Rosetta Outcropping Blocks Finish Base of Massive Statue
Water Feature Provides Aesthetic Finish for Massive Statue's Foundation
If you've ever driven on I-75 between Dayton and Cincinnati, Ohio, you've probably noticed a towering statue of Jesus, standing in the middle of a 2-acre lake. The original 62-foot (19-meter) tall "King of Kings" statue was built by the Solid Rock Church in 2003 but burned to the ground after it was struck by lightning in 2010 - making headlines around the world.
After more than a year of planning, the church began construction on a new statue of Jesus called "Lux Mundi" meaning Light of the World. "The inspiration of Jesus is larger than life," Sculptor Tom Tsuchiya said. "His message is larger than life, so how fitting it is to honor him with a sculpture that is larger than life."
The design called for a 52-foot (16-meter) tall statue, built using fire-resistant polymer composite and steel. This statue stands on a massive, engineered 30-foot (9-meter) wide by 30-foot (9-meter) long by 8-foot (2.4-meter) deep concrete footer that anchors the statue using steel embedments and anchor bolts.
"The designer's dilemma was - how are we going to cover this concrete cube up and make it look nice?" explained Dan Meyer of Meyer Aquascapes. "That's where we got involved."
Meyer specializes in designing and building decorative water features. To create an aesthetic finish for the statue's base, Meyer worked closely with the statue's designers as well as local Rosetta manufacturer Oberfields LLC and local Rosetta distributor Western Hills Builder's Supply.
"The sculptor didn't want something that looked like a bunch of small rocks; he wanted the look of larger stones. I showed him some pictures of real stone, and then I showed him some photos of Rosetta and he said, 'this is exactly what I envisioned.'"
The Outcropping from Rosetta is a larger-scale wall solution that is cast in molds taken from world-class natural stone. With consistent dimensions that replicate the look and feel of nature, Rosetta is a great fit for projects that require the aesthetics of natural stone, but the durability and consistency of an architectural grade precast system.
To create the three waterfalls that encircle the base, the design called for a trough which water flows into, then flows out over the Rosetta Outcropping stones. To get a consistent flow, the design called for the waterfalls to start at the exact same elevation.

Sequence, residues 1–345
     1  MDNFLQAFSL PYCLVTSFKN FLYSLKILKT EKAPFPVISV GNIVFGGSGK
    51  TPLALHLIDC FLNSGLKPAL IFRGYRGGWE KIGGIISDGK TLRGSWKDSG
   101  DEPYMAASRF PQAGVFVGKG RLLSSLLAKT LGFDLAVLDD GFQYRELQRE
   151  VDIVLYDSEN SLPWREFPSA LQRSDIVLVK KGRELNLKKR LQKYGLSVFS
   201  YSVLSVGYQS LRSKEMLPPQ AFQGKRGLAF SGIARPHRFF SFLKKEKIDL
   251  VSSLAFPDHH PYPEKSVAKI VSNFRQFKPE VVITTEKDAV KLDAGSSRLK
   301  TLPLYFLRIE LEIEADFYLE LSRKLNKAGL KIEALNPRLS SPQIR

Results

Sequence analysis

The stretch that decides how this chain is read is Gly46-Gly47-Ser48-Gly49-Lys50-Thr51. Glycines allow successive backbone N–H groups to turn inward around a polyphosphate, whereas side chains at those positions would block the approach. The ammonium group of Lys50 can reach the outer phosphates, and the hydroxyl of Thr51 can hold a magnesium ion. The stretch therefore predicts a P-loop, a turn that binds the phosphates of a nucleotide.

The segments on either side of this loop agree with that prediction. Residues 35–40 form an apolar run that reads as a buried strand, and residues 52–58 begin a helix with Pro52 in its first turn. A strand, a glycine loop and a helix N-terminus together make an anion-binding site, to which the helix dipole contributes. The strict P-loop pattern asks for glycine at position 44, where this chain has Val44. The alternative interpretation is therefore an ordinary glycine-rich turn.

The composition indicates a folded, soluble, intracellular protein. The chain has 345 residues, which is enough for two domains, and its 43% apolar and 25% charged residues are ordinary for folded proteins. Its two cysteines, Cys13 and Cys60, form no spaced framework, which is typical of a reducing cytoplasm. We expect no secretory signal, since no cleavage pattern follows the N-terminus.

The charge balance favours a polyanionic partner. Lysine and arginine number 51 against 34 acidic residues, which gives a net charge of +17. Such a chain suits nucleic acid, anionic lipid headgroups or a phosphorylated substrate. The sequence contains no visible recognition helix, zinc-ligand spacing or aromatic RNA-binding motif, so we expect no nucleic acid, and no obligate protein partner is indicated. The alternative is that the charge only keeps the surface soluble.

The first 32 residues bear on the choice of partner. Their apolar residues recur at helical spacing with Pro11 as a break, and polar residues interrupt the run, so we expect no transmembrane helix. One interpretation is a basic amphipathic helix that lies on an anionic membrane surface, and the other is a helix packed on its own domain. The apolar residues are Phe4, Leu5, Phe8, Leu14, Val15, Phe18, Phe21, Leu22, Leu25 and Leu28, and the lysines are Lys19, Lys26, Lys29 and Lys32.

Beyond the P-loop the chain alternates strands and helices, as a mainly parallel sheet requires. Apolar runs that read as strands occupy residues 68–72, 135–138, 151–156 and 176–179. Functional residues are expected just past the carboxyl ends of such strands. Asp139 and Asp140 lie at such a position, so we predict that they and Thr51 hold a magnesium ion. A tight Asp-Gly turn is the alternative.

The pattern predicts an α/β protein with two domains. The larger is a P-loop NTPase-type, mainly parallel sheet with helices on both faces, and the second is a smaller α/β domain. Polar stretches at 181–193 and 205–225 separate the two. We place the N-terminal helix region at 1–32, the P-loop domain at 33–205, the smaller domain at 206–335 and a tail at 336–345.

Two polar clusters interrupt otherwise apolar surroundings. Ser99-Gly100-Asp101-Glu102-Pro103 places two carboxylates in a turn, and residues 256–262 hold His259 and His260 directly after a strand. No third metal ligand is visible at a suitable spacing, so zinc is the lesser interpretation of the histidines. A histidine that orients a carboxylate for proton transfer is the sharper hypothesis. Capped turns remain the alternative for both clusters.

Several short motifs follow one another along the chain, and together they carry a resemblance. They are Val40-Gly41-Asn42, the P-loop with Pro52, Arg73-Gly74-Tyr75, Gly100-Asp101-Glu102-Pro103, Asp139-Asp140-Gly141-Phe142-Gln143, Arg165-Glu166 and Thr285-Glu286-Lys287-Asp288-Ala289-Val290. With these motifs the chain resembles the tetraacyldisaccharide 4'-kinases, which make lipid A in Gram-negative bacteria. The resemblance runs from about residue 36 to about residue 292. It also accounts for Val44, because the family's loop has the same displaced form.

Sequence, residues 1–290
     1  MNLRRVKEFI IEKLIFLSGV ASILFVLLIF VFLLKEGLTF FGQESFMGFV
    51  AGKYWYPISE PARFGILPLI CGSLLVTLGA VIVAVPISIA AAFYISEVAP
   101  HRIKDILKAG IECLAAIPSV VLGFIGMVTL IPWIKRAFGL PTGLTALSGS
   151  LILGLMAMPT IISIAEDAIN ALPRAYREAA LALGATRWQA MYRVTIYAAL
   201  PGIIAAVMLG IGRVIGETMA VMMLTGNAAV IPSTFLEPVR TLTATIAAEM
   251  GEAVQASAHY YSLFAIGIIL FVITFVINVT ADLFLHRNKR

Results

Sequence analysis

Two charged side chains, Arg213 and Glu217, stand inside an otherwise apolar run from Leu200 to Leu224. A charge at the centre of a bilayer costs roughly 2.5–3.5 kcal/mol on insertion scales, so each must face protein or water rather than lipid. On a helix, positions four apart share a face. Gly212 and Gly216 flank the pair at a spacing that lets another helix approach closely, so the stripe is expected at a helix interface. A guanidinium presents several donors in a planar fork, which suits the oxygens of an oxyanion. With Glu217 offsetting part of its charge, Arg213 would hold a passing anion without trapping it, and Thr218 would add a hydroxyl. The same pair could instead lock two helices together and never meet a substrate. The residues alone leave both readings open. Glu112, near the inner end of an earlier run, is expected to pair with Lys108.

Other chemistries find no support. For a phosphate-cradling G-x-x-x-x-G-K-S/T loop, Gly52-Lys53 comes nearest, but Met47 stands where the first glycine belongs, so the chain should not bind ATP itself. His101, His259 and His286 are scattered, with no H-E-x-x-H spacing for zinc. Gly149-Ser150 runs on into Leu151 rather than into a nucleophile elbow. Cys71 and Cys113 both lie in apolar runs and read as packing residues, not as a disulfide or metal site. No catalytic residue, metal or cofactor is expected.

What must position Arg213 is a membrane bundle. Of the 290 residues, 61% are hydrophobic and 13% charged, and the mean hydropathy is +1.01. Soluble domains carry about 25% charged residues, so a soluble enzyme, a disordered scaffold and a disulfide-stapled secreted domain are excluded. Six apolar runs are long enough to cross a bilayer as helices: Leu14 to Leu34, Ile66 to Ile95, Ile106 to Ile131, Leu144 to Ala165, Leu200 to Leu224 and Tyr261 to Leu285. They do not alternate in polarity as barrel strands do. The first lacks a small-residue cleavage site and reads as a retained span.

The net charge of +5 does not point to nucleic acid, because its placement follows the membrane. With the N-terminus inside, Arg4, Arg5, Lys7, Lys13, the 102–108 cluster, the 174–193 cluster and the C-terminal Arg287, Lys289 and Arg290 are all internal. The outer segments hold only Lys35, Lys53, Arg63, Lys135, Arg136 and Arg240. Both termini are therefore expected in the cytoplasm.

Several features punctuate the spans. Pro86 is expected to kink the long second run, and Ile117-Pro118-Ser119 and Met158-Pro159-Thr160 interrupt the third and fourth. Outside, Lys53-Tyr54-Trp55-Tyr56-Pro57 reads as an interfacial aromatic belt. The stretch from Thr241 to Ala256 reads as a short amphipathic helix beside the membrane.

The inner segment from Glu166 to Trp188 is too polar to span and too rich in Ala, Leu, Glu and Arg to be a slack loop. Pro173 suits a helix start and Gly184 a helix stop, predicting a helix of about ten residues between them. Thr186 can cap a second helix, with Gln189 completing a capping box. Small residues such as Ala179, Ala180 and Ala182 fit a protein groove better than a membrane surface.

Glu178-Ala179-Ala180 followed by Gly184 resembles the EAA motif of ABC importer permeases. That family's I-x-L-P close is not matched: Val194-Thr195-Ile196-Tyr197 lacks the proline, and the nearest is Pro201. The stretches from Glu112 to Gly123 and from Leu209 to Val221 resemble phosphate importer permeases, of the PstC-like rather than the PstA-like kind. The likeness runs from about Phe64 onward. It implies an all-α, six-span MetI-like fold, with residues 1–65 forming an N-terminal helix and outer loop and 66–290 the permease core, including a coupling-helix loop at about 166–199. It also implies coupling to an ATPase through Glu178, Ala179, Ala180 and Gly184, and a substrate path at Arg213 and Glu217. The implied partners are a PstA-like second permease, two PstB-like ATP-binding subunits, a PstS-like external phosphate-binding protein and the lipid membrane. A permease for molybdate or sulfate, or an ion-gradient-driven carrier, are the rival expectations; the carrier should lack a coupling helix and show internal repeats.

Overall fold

"For this application, Rosetta was the perfect product because we knew the heights of each stone, so we could design it exactly to the final elevation," explained Meyer. "If we had used natural ledge rock, we would never have been able to achieve the final goal of keeping it totally level from left to right so that the waterfalls could come out at three different points over a 90-foot (27-meter) long stretch. We wanted to give it a nice natural look, but it had to be engineered as well."
The installation of the Rosetta portion and the plumbing for the project was completed over the course of 10 days. The pond had been drained, and the two-person crew from Meyer Aquascapes set the blocks using a track hoe. "It was only the second time we'd ever worked with the Outcropping. Once you get familiar with the product and the pallets, it goes in really quick," Meyer said.
In addition to more than 300 square feet (28 square meters) of Outcropping components, the project also used Rosetta's Irregular Step Collection to create the top course of the water feature, giving it a finished look on top. The design also called for a small amount of the smaller-scale Rosetta Belvedere Collection above and behind the waterfalls. The Belvedere sections are barely visible, but help mask unsightly parts of the footing.
A few months after the waterfalls were complete, the statue itself arrived on-site in five different pieces. The statue was then erected by crane and dedicated on September 30, 2012. "This has been a long time coming," said church administrator Ron Carter. "It's finally nice to be at this point."
"Using Rosetta really allowed us to achieve a natural look on an engineered project," Meyer said. "There was no other product that could have achieved the right scale. If we had tried to lay this up with natural stone, it would have taken at least twice as much time, and it would have been a whole lot harder to do. Where true elevations have to be achieved, this is a perfect product."
Project Name: "Lux Mundi" Construction Project Owner: Solid Rock Church, Monroe, Ohio Block Manufacturer: Oberfields LLC Local Distributor: Western Hills Builder's Supply Wall Installer: Meyer Aquascapes Sculptors: Glasshand LLC; Tom Tsuchiya, Designer and Sculptor and Steve Brauch, Sculptor & Fabricator Project Location: Monroe, Ohio Year: 2012 Case: 20 - Oberfields Touchdown Jesus